§ 1 and 2. Mr. Brooks
asked the Secretary of State for Wales (1) whether he will publish in the Official Report a list of those appointments in national or local government service in Wales from which non-Welsh speakers are excluded; and if he will make a statement;
§ (2) whether he will take steps to end the practice whereby various public appointments in Wales discriminate against those of otherwise high ability on the basis of their inability to speak a minority language within the Principality.
§ The Secretary of State for Wales (Mr. George Thomas)
I am not aware of any such discrimination. Appointments to public bodies in Wales for which I have responsibility are made on merit and the requirement of ability to speak Welsh arises only where the qualification is necessary for the proper performance of the duties concerned.
Information as to central and local government appointments calling for Welsh-speaking ability is not readily available and its collection would involve a disproportionate expenditure of time and money.
§ Mr. Brooks
Does my right hon. Friend agree that in some of the more populated 1256 parts of Wales Welsh is almost as dead a language as Anglo-Saxon in England and discrimination against English-speaking applicants for jobs in such areas is little better than a protection racket designed to give jobs to the boys?
§ Mr. Thomas
I am surprised at my hon. Friend the Member for Bebington (Mr. Brooks). I have just told him that I have no evidence of discrimination. If he, with his interest in our affairs—which we welcome—can produce evidence, I will gladly look at it.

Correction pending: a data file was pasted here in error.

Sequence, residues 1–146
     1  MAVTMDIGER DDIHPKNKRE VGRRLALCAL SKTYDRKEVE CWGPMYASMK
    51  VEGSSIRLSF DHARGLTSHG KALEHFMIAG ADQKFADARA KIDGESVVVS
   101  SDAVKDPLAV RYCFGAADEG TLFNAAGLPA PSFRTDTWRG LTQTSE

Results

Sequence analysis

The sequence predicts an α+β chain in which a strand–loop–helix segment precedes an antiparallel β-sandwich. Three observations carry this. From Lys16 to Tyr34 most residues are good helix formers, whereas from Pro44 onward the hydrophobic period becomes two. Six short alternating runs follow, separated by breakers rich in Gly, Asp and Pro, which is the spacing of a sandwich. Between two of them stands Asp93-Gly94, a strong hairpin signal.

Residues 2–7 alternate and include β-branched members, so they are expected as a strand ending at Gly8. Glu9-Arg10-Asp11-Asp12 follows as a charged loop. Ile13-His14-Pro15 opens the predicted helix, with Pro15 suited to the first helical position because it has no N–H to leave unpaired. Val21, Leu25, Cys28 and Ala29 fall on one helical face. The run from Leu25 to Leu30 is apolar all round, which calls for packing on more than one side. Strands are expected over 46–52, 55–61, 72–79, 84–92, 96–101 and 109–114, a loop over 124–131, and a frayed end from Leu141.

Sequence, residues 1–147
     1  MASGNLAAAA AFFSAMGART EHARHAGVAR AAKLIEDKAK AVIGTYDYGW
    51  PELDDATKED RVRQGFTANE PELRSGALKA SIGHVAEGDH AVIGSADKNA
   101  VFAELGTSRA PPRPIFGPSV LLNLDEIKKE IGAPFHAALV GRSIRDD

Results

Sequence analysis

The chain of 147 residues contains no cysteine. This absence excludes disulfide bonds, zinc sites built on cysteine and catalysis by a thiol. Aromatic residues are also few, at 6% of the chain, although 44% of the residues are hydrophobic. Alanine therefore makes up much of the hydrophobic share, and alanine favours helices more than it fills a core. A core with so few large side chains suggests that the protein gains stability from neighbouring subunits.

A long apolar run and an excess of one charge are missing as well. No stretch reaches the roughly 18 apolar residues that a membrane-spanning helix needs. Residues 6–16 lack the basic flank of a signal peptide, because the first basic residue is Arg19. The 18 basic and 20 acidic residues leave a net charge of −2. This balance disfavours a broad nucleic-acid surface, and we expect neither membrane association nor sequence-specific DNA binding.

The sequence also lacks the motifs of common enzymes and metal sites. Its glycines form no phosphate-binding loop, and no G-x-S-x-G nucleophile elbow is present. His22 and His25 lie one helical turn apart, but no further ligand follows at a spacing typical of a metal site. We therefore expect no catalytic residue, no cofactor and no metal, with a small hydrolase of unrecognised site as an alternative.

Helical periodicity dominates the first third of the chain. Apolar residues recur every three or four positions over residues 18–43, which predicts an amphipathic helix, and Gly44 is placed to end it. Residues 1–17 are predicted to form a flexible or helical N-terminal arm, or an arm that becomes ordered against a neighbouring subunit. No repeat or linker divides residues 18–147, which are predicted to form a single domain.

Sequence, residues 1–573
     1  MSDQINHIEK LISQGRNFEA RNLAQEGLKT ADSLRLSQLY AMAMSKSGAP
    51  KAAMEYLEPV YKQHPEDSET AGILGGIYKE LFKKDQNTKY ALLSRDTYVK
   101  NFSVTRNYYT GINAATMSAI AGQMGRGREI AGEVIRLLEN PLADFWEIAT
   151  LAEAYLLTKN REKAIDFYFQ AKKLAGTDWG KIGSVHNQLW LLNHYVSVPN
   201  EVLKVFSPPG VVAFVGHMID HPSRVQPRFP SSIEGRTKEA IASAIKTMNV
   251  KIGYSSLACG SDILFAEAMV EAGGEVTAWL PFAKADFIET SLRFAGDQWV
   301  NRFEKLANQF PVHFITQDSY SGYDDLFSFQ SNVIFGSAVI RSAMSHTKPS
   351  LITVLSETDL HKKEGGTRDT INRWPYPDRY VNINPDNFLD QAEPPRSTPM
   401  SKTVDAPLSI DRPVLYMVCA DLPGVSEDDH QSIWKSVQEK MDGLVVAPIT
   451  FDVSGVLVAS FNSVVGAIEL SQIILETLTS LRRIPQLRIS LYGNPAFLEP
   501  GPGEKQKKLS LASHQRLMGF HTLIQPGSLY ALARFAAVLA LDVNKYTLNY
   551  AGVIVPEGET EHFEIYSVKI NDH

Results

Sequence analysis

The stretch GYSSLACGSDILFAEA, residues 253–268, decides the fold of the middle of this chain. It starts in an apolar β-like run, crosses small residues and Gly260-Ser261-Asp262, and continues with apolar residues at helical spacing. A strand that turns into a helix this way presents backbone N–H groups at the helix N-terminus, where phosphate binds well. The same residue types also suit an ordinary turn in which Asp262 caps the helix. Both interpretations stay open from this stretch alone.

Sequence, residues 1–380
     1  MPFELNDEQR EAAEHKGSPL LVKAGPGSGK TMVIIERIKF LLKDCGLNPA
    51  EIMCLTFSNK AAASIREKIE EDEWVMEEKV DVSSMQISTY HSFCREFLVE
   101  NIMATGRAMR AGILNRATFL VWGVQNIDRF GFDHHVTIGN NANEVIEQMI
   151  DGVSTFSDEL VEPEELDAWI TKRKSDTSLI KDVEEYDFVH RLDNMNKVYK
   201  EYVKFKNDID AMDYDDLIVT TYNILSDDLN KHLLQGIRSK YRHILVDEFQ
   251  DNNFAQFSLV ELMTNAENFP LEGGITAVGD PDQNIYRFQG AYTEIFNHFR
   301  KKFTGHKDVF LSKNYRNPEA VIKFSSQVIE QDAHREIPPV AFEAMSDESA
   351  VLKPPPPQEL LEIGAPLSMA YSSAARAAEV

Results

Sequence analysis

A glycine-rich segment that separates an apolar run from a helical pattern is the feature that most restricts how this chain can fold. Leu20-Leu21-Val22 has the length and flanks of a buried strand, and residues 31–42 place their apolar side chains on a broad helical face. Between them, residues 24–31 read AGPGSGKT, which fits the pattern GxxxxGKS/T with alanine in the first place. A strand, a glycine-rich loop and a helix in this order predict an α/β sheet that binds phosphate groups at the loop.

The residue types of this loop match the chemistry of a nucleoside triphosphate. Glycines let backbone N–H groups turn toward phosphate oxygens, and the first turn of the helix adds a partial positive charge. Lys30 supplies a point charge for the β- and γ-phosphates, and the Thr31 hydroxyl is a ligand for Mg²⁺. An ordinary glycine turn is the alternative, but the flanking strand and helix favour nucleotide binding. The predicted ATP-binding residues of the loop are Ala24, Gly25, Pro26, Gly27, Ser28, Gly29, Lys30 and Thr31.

§ Mr. Gibson-Watt
We on this side of the House would like to take this opportunity of welcoming the right hon. Gentleman back to the Welsh Office. He is in no way a prodigal son. We wish him well in his efforts in the Cabinet in pushing forward matters of importance to Wales.
Was not the subject of the Question to some extent touched on during our discussions in the Welsh Grand Committee concerning the Report of the Hughes Parry Committee?
§ Mr. Thomas
I am deeply grateful to the hon. Member for Hereford (Mr. Gibson-Watt). Mr. Llefarydd, r'wy'n hapus iawn heddiw. I know it is out of order to go on too long, but I merely said that I am happy to be in this office.
The question of discrimination has been gone into in great depth.
§ Mr. James Griffiths
I, too, offer my congratulations and good wishes to my right hon. Friend.
With regard to the reference in Question No. 2 to a minority language, is my right hon. Friend aware that Welsh is the oldest living language in Europe and is so precious that many of us hope that it will go on for ever?
§ Mr. Gwynfor Evans
Is the Secretary of State aware that Welsh has been the only language spoken in most of Wales over most of its history and has been the only language of Government? Is he also aware that that would be the situation today if Welshmen had enjoyed self-government throughout the centuries?
§ Mr. Thomas
I may add that it was this Government which, for the first time, gave equal validity to the Welsh language with the English language. As long as I am in this office I shall do all I can to ensure that those who want the facility to learn and speak it shall have it.
§ Mr. J. Idwal Jones
Is my right hon. Friend aware that this matter has been thoroughly considered in the Welsh Grand Committee and on the Floor of the House in connection with the validity of the Welsh language? Is he also aware that highest posts in the academic sector in Wales are held at present by persons who are unable to speak Welsh?
§ Mr. Thomas
It is equally true that some of the highest posts in England are held by those who do speak Welsh.